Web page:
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Penetrating cardiac injuries necessitate rapid resuscitation and repair, most commonly with the use of pledgeted sutures. Hemostasis can be difficult to obtain with injuries near coronary vessels or with friable tissue that does not hold suture. We describe the use of BioGlue, a synthetic bovine albumin and glutaraldehyde mix, as a hemostatic adjunct in these challenging cases. Patients sustaining penetrating cardiac injury undergoing emergent operation from January 2000 to January 2010 were reviewed. During the 10-year study period, 67 patients required emergent operation for a cardiac injury, with three patients undergoing BioGlue repair of their ventricle. All patients were male with a mean age of 40 years ± 8 years. In two patients, BioGlue was used in addition to suture repair to control hemorrhage, while in one patient BioGlue was used as the only cardiac repair. Hemostasis was achieved in all cases, and there were no cardiac complications in 20 months (range 15-26 months) of follow-up. To our knowledge, this is the first description of the use of BioGlue for repair of penetrating cardiac injuries. This technique should be added to the armamentarium in managing complex cardiac wounds. III.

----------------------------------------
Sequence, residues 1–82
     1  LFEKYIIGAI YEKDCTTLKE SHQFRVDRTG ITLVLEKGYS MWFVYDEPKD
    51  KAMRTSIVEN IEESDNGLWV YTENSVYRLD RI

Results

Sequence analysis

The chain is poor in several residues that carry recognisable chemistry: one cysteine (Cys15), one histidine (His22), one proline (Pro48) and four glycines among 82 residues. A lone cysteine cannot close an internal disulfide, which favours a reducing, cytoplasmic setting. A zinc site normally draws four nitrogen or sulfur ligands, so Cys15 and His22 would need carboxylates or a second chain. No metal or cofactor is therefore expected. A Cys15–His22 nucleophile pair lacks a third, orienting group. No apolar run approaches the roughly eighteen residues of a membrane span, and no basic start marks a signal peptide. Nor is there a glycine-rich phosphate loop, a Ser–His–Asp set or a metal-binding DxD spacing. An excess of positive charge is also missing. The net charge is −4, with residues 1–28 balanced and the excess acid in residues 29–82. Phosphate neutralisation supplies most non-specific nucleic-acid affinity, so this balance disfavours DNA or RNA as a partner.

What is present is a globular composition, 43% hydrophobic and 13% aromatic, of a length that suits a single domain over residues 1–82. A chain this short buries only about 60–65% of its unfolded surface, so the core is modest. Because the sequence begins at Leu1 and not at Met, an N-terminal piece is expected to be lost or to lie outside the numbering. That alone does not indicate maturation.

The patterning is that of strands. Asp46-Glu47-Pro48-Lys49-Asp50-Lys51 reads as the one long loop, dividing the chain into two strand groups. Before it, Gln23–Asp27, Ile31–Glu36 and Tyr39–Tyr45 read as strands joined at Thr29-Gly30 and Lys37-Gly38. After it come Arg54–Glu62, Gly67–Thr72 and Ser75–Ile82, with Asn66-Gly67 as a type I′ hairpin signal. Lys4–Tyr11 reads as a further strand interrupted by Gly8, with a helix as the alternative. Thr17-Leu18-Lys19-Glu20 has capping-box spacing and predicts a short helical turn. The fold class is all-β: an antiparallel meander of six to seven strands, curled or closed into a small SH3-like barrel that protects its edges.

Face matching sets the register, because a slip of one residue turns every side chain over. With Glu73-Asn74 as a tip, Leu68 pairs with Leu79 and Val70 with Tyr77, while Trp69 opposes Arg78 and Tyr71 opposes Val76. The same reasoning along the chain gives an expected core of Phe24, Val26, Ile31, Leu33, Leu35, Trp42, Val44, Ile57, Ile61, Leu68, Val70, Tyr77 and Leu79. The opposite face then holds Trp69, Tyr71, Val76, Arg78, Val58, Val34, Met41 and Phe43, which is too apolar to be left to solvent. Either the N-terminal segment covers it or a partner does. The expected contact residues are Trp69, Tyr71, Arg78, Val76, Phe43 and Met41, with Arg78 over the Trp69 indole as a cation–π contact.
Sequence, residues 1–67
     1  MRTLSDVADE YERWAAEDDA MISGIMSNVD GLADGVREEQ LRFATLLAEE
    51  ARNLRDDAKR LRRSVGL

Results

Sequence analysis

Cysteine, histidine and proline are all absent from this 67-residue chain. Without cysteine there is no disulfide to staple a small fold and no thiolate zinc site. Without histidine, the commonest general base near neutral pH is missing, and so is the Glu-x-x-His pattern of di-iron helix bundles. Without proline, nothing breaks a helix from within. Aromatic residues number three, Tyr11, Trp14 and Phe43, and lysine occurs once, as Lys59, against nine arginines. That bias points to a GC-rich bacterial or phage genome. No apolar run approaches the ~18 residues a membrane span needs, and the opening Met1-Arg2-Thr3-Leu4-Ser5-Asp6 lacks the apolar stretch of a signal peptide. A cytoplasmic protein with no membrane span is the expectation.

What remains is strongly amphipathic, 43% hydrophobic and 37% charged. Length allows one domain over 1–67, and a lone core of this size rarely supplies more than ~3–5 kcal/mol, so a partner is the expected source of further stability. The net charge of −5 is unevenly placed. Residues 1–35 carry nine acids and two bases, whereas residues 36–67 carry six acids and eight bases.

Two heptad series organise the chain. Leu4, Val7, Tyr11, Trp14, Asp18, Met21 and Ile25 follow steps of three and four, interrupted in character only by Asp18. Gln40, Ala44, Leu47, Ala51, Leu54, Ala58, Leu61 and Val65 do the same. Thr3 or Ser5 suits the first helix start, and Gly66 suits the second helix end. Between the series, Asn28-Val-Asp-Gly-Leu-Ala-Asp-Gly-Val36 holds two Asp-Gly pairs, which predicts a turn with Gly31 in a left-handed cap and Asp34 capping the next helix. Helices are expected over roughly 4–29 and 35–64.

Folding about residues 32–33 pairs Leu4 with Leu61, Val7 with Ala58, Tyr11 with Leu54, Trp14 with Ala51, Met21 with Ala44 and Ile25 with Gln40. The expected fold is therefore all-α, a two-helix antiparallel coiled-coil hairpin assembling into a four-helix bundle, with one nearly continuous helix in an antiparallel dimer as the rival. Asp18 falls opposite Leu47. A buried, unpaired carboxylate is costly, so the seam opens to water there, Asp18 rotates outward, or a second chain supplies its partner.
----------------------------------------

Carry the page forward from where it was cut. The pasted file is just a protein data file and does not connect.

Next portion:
Edward L Jones, Clay Cothren Burlew, Ernest E Moore. BioGlue hemostasis of penetrating cardiac wounds in proximity to the left anterior descending coronary artery. The journal of trauma and acute care surgery. 2012 Mar;72(3):796-8

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PMID: 22491572

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